I suspect that the phrase, “God is too big for any one religion,” is used to convey the idea that organized religion is small-minded.  Certainly if God is as big as our religions claim He (or She) is, then He/She must be far too large to fit into the ever-encroaching framework of our organized religions.  I would guess that there are even some “progressive Christians” (a term that I find redundant) who would revel in this idea as it indicates a perceived attack on the stuffy, small-minded, traditionalism of conservative evangelicalism.

It’s certainly an interesting idea.  God is too big for our religions.  How big He must be!  He is overflowing the boundaries of our religions, and (if this concept is taken to its logical extreme) He is pouring into and overflowing the boundaries of all religions.  This is an attractive concept.  But it is one that I can not ascribe to, as I find it distinctively counter to Christ.

Some might read that last statement and make up their mind that I am just one of the small-minded individuals to whom the sticker’s sentiment is directed.  And they’re free to believe so.  But I would propose that the idea of God being “too big for any one religion” represents a paradigm that is not particularly constructive, and is, in Christian terms, called into question by the nature of the Gospel.

When I was younger, I worked at a hotel with a Moslem fellow who would often allow me to provoke him into theological conversation.  One dialogue I recall in particular included my attempt to explain the incarnation, and his subsequent rejection of it.  He said that he could not believe that God became man, because God is too big to become man; too holy to become man; too good to become man.  God was “too big” for the Christian religion.  I have to admit, his logic was hard to argue against.  Allah had never become man, and therefore was not as small as my God, who had lowered Himself to the human form.  In this instance, I engaged in the battle over whose God was bigger, and (so far as my co-worker was concerned) I lost.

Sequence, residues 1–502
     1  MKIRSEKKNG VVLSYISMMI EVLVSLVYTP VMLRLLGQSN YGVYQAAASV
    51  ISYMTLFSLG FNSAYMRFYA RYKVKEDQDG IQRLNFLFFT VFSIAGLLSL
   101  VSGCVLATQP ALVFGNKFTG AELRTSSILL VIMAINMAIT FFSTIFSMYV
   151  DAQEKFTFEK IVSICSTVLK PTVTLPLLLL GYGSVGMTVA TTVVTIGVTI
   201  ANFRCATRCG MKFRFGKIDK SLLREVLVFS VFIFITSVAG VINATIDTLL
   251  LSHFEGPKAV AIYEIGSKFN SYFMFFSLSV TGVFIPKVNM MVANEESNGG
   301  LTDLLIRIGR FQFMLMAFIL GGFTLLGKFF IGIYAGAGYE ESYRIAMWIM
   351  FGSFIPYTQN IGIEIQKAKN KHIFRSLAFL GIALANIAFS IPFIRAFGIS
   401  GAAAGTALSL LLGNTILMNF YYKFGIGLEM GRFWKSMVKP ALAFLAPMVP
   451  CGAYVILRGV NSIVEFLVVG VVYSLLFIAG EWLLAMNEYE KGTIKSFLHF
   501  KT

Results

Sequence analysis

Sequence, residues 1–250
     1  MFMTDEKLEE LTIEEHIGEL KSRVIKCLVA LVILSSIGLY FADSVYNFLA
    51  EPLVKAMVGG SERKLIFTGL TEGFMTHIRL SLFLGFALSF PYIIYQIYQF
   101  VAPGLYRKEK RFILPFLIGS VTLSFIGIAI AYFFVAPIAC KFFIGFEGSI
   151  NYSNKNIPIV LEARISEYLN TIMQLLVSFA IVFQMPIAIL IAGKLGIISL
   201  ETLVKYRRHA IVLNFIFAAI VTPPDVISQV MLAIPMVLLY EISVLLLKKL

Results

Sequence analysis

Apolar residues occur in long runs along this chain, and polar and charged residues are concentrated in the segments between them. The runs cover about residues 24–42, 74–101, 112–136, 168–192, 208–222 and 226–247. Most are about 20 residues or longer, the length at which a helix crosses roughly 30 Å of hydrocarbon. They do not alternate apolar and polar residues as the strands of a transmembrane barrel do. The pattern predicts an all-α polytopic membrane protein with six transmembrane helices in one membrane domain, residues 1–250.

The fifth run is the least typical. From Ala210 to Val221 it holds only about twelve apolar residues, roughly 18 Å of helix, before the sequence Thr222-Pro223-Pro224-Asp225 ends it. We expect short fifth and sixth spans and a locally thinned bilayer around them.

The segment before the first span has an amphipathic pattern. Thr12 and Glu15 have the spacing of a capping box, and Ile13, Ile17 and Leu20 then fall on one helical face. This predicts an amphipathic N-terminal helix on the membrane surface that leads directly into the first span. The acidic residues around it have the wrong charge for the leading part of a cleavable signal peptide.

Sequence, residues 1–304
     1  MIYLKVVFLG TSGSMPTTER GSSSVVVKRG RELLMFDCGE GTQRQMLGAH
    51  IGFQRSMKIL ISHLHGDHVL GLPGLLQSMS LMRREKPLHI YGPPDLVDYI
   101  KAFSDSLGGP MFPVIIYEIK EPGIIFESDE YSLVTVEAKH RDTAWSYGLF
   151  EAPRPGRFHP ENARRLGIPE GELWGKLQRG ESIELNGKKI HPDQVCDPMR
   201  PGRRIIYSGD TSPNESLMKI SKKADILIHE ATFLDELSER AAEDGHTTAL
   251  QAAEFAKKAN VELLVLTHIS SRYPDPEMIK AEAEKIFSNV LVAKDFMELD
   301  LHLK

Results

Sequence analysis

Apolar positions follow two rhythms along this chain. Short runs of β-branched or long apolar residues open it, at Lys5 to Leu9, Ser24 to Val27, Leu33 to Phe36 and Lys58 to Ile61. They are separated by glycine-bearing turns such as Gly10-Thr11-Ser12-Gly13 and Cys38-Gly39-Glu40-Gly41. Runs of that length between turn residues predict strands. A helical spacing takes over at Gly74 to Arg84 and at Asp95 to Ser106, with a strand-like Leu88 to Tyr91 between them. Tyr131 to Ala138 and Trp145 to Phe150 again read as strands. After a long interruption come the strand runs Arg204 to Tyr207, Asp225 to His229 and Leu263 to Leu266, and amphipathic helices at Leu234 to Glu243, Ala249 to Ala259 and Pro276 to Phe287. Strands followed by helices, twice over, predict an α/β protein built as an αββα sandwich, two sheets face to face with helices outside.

Now consider Christ.  Consider the way He taught.  Consider the backwardness of His teachings about the nature of the Kingdom.  Consider the fact that in Acts 17, his followers were described as those who “have turned the world upside down,” (ESV).  And consider for a moment that in Christ, God is rejecting the ever-present bickering between religions about whose God is “bigger.”  In a world where the best faith is presumably the one that can shout the loudest to prove that their god is the biggest, Christ comes to quietly cull a minority of individuals simple-minded enough to believe that God could be like them, even if for a moment in history.

While much of the world was pointing out their gods in the stars and constellations and mountain tops and the sun and moon,  Jesus spoke in terms of seeds, fish, coins, bread and soil; things we can hold.  Small things.  Big gods exist elsewhere.  Jesus exists here, making first things last and big things small.

Is God too big for any one religion?  I have no idea.  I don’t put much stock in religion as it exists today anyhow.  But I know that I am not compelled to belief by an enormous religion-devouring God in the same way that I am compelled to belief in a God who rejects our concept of how big He ought to be so that He can be as small as we need Him to be.  So allow the religions of the world to argue about whose god(s) are bigger.  It’s an argument that I, by the grace of Christ, don’t find compelling.

-Tim-

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Lies This Christian Tells Himself